The orbit of Dimorphos was successfully changed by NASA’s DART mission

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NASA pulled off the unthinkable last month. The Direct Asteroid Redirection Test, or DART, was initially announced in 2019. In 2019, the plan eventually materialized, and to thunderous cheers, NASA rammed a spacecraft into an asteroid. NASA’s DART project has achieved success two weeks after the initial impact.

After NASA released video of the DART spacecraft colliding into Dimorphos, a moonless asteroid orbiting a bigger asteroid, many people had already declared the mission successful. NASA’s DART mission was designed to alter the moonlet’s orbit, even only slightly. Additionally, Dimorphos’ almost 12-hour orbit had changed by 30 minutes two weeks after the impact.

This week, the agency successfully shifted an orbit thanks to its DART mission. “We must all take action to safeguard our world. Bill Nelson, the administrator of NASA, observed, “After all, it’s the only one we have. This mission demonstrates NASA’s ongoing efforts to be prepared for whatever the universe may bring. The success of NASA’s DART mission may encourage other space organizations to develop comparable systems.

Dimorphos’ orbit changed from its previous 11 hours and 55 minute orbit to one that was 11 hours and 23 minutes long. NASA did note, however, that there is a margin of error in place that might modify that time by more or less than two minutes. Even yet, the nearly 30-minute shift is a major accomplishment for NASA’s DART project, especially in light of the fact that the previous record was 73 seconds or more.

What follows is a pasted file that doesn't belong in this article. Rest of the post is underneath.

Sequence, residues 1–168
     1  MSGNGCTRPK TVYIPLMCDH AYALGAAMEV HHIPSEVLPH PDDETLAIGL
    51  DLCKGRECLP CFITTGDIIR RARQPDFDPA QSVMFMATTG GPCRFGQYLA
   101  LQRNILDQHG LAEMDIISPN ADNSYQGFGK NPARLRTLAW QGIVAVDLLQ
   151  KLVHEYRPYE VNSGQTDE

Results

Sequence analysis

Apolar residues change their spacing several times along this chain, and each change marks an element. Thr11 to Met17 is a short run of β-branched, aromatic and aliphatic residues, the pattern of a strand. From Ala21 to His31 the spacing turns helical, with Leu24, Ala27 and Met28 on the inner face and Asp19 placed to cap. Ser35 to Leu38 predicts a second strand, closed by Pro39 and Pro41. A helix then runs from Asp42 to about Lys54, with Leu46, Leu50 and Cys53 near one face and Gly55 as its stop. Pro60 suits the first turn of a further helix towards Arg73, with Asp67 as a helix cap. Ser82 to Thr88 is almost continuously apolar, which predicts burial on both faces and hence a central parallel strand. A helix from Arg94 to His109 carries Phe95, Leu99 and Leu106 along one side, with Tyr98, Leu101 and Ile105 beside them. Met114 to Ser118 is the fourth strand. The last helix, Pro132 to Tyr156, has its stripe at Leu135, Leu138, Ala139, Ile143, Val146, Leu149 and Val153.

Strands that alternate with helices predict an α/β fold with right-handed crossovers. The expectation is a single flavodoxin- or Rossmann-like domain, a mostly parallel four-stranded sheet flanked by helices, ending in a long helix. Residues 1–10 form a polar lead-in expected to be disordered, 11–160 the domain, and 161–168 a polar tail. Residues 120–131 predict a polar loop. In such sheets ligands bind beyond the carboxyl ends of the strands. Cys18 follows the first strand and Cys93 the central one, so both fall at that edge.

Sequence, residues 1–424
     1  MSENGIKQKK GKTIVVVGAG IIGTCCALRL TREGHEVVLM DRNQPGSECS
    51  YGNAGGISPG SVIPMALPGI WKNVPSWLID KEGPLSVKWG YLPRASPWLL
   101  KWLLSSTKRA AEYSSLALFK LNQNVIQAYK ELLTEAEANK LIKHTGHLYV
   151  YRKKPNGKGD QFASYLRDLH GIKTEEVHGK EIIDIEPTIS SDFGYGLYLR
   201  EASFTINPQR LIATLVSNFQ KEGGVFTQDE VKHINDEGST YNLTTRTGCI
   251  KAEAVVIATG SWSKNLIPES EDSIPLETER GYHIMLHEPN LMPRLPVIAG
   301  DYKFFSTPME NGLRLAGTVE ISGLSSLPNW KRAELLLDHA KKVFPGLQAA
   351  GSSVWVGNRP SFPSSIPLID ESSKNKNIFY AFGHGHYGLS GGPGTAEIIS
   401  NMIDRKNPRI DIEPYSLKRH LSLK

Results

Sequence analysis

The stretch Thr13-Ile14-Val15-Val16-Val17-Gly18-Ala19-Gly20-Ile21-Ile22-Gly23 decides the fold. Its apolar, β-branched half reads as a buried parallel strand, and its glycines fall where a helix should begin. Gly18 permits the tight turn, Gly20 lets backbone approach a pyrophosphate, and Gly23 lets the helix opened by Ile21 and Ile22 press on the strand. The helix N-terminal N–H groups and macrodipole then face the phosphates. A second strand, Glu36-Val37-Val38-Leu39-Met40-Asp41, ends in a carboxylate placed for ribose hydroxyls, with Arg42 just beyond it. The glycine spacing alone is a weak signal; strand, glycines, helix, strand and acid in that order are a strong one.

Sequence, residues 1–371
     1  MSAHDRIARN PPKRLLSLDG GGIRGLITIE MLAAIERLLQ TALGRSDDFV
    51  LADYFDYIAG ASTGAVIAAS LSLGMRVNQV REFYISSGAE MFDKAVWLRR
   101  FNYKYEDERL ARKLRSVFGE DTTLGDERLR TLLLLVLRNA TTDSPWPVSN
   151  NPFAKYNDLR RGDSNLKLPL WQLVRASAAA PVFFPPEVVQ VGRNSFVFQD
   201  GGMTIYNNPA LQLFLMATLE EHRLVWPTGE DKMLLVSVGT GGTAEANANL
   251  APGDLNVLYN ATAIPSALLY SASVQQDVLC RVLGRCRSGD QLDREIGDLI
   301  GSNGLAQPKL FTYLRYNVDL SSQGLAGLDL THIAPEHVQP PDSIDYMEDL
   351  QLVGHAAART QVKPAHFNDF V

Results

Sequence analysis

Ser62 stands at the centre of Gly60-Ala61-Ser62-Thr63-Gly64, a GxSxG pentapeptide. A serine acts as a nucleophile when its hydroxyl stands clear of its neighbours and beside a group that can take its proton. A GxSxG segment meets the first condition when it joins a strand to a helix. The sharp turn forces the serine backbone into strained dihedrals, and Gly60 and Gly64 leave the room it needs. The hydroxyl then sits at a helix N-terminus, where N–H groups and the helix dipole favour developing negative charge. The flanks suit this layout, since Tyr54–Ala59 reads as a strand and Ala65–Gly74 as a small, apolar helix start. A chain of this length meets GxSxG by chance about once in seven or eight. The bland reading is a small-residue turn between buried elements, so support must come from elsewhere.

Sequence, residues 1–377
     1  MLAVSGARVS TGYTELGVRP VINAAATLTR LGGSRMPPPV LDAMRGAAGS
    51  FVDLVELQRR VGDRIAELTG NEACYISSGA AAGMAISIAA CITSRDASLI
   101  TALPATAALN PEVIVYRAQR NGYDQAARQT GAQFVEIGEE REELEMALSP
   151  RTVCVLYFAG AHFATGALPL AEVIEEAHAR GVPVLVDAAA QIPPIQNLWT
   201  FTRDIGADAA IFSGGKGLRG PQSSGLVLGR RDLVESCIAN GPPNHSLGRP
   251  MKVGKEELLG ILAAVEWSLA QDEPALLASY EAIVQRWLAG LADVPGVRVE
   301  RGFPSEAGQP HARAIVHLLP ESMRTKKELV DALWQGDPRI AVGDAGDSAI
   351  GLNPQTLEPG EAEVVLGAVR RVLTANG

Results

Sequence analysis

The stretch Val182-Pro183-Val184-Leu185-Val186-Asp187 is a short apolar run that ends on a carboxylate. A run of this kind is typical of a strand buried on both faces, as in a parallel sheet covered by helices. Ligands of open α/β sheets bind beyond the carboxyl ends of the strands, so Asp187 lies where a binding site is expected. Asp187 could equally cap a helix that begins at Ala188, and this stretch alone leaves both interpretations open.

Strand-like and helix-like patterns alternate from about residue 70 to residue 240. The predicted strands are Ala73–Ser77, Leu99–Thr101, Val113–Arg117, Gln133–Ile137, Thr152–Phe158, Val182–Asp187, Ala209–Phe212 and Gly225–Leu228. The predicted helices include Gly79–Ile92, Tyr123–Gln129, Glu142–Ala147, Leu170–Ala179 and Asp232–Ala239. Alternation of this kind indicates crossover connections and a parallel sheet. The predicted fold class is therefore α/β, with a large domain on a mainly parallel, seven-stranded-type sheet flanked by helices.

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With thousands of asteroids speeding past our planet each year at deadly speeds, asteroids pose a persistent potential threat to humanity and Earth. The dinosaurs are thought to have been wiped off by an asteroid impact millions of years ago, which also brought about a global tsunami, even though none of the dangerous asteroids, which NASA has classified as “possibly hazardous,” have come close enough to raise worries.

NASA and others have been researching strategies to respond to these hazardous asteroids in an effort to prevent humanity from suffering a similar fate. Asteroid monitoring systems are being built by some nations, including China. However, the accomplishment of NASA’s DART mission demonstrates that humans aren’t completely powerless. But if we ever find ourselves in a situation like that, we’ll need to act quickly because it can take so long for the orbit to alter.




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